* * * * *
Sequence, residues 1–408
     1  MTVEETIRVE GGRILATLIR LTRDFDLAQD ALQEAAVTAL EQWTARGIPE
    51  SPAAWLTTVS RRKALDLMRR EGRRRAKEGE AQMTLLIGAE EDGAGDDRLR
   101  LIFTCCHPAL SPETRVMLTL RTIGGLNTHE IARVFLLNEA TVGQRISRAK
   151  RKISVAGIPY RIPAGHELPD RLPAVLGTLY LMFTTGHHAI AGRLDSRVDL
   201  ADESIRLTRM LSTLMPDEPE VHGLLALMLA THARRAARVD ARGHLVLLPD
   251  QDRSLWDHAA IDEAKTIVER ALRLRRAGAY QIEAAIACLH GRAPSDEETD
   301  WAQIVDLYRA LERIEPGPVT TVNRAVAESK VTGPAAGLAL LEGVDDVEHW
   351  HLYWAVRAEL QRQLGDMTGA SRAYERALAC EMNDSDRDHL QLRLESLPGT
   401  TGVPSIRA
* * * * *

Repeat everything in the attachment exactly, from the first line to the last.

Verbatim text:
Sequence, residues 1–408
     1  MTVEETIRVE GGRILATLIR LTRDFDLAQD ALQEAAVTAL EQWTARGIPE
    51  SPAAWLTTVS RRKALDLMRR EGRRRAKEGE AQMTLLIGAE EDGAGDDRLR
   101  LIFTCCHPAL SPETRVMLTL RTIGGLNTHE IARVFLLNEA TVGQRISRAK
   151  RKISVAGIPY RIPAGHELPD RLPAVLGTLY LMFTTGHHAI AGRLDSRVDL
   201  ADESIRLTRM LSTLMPDEPE VHGLLALMLA THARRAARVD ARGHLVLLPD
   251  QDRSLWDHAA IDEAKTIVER ALRLRRAGAY QIEAAIACLH GRAPSDEETD
   301  WAQIVDLYRA LERIEPGPVT TVNRAVAESK VTGPAAGLAL LEGVDDVEHW
   351  HLYWAVRAEL QRQLGDMTGA SRAYERALAC EMNDSDRDHL QLRLESLPGT
   401  TGVPSIRA